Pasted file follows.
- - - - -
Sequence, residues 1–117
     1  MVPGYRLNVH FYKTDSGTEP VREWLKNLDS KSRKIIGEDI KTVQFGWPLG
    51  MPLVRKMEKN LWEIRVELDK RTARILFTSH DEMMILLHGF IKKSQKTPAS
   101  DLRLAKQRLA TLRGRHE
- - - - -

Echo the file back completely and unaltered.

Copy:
Sequence, residues 1–117
     1  MVPGYRLNVH FYKTDSGTEP VREWLKNLDS KSRKIIGEDI KTVQFGWPLG
    51  MPLVRKMEKN LWEIRVELDK RTARILFTSH DEMMILLHGF IKKSQKTPAS
   101  DLRLAKQRLA TLRGRHE